I Have Found a New Way to Watch TV, And It Changes Everything. TV on fast-forward? Jeff Guo explains at The Washington Post: "I have a habit that horrifies most people. I watch television and films in fast forward. This has become increasingly easy to do with computers (I’ll show you how) and the time savings are enormous. Four episodes of "Unbreakable Kimmy Schmidt" fit into an hour. An entire season of "Game of Thrones" goes down on the bus ride from D.C. to New York. I started doing this years ago to make my life more efficient. Between trendy Web shows, auteur cable series, and BBC imports, there’s more to watch ever before. Some TV execs worry that the industry is outpacing its audience. A record-setting 412 scripted series ran in 2015, nearly double the number in 2009..."

While Brazil Was Eradicating Zika Mosquitoes, America Made Them Into Weapons. I had no idea - check out a story at Atlas Obscura: "...Even while American money was funding eradication efforts, led by Americans, in countries further south, the American government was one of the last holdouts in the hemisphere-wide effort to destroy A. aegypti. At the same time as the U.S. Public Health Service at last started trying to eradicate Aedes aegypti from the southeast, another branch of the U.S. government was planning to raise colonies of millions of A. aegypti mosquitos, to use as biological weapons..."
Image credit: "The mosquitoes won." Photo: James Gathany/CC BY 2.0



TODAY: Very humid with some hot sun. PM T-storms, some turn severe. Winds: S 15-25. High: 90
SATURDAY NIGHT: Strong to severe T-storms into late evening, drying out late. Low: 66

SUNDAY: Sunnier, drier - the nicer day. Gusty west winds at 15-25+ High: 85

MONDAY: Partly sunny, comfortable breeze. Winds: NW 10-20. Wake-up: 62. High: 75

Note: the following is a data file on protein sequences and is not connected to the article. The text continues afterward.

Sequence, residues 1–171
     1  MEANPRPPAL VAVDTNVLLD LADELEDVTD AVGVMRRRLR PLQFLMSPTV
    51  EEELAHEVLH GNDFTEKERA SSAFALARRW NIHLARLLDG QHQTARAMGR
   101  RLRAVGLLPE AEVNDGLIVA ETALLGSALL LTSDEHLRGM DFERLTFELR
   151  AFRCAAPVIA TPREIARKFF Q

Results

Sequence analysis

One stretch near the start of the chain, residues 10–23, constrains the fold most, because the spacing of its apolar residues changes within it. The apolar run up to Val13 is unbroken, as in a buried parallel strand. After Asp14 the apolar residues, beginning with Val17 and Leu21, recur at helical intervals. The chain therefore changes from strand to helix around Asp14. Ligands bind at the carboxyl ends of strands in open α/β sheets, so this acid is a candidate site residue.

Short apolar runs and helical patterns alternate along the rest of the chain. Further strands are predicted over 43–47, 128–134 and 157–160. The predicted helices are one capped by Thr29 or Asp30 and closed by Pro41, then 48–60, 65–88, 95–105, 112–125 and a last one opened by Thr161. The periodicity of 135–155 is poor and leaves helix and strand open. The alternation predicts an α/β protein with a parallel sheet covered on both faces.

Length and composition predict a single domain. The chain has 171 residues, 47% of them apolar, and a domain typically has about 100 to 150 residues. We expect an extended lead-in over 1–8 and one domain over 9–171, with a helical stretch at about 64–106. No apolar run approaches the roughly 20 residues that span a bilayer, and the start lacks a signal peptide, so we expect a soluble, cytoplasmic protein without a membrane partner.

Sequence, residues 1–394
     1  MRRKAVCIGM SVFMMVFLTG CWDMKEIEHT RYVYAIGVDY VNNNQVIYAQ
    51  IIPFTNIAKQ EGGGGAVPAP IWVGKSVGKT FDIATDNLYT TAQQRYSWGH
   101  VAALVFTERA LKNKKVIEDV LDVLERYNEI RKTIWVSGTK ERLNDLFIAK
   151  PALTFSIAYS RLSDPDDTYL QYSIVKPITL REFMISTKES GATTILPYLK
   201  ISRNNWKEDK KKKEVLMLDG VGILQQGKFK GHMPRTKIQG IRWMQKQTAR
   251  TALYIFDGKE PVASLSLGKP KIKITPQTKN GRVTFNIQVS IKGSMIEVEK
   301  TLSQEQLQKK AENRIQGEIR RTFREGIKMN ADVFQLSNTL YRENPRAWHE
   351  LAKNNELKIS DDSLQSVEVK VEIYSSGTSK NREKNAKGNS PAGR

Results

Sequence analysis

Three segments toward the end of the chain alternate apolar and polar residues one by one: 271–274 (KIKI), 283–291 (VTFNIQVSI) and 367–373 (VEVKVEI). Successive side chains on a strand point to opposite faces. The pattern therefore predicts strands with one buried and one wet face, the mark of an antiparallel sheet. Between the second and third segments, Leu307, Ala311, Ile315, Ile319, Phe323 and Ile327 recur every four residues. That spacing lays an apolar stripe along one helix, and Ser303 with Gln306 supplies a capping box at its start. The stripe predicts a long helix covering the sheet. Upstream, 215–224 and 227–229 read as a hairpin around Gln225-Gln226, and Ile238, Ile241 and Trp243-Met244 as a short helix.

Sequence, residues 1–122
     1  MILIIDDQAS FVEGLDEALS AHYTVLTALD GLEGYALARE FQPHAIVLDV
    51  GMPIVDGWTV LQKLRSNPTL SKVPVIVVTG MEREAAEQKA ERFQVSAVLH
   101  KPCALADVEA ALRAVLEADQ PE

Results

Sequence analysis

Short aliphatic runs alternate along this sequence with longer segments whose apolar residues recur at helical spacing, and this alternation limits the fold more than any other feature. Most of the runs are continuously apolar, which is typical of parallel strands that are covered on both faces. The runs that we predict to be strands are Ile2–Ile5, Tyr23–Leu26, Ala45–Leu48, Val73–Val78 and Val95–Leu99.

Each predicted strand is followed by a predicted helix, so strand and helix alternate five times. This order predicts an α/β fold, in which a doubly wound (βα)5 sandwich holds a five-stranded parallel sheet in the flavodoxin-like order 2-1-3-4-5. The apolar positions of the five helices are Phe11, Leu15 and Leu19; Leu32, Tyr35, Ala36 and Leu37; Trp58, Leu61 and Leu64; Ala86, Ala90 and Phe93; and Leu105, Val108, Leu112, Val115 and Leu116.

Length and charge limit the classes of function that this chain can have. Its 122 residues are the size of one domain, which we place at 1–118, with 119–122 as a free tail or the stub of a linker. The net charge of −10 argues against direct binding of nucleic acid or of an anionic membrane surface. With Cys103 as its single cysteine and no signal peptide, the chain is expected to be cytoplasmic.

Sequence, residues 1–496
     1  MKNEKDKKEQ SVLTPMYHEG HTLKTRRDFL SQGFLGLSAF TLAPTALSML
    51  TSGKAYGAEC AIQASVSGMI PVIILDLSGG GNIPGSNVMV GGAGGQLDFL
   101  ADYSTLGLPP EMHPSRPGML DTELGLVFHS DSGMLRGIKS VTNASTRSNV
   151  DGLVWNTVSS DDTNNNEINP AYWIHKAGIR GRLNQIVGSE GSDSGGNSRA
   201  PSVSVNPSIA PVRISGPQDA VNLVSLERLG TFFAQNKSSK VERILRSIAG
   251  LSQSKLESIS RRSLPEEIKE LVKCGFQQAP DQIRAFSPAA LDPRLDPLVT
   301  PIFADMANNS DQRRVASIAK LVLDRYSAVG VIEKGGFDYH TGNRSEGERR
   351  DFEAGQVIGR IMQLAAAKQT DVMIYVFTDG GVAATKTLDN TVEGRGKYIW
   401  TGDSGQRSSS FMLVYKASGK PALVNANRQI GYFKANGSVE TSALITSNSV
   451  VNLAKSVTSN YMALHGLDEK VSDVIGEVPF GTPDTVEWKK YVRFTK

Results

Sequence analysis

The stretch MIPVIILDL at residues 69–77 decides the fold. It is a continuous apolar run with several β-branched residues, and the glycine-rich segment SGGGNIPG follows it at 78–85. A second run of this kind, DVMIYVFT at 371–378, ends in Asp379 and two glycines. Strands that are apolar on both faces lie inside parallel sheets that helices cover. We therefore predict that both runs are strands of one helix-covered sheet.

TUESDAY: Sunny and glorious. Light winds. Winds: NW 5-10. Wake-up: 57. High: 77

WEDNESDAY: Less sun, isolated shower? Winds: S 7-12. Wake-up: 60. High: 79

THURSDAY: Unsettled, risk of a thundershower. Winds: SW 7-12. Wake-up: 63. High: 81

FRIDAY: Partly sunny, lukewarm. Winds: SE 5-10. Wake-up: 65. High: 83

Climate Stories...
Why the GOP is Trying to Stop the Pentagon's Climate Plan. Politico attempts to explain the inexplicable; here's an excerpt: "...This is what we ask our military and national security people to do, to think long-term, look at emerging threats, figure out ways to protect against these threats,” he said. DOD officials have been warning for years that climate change could have dire consequences on U.S. national security. Increased refugee flows, which are already straining Europe, are likely to accelerate as the climate heats up and have the potential to destabilize large swaths of the world, including the Middle East and South Pacific. The “oil wars” of the 20th century could give way to “water wars,” with countries competing for scarce natural resources. Higher energy costs may further strain the military’s budget and rising water levels could force the DOD to adjust locations of critical infrastructure facilities like ports..."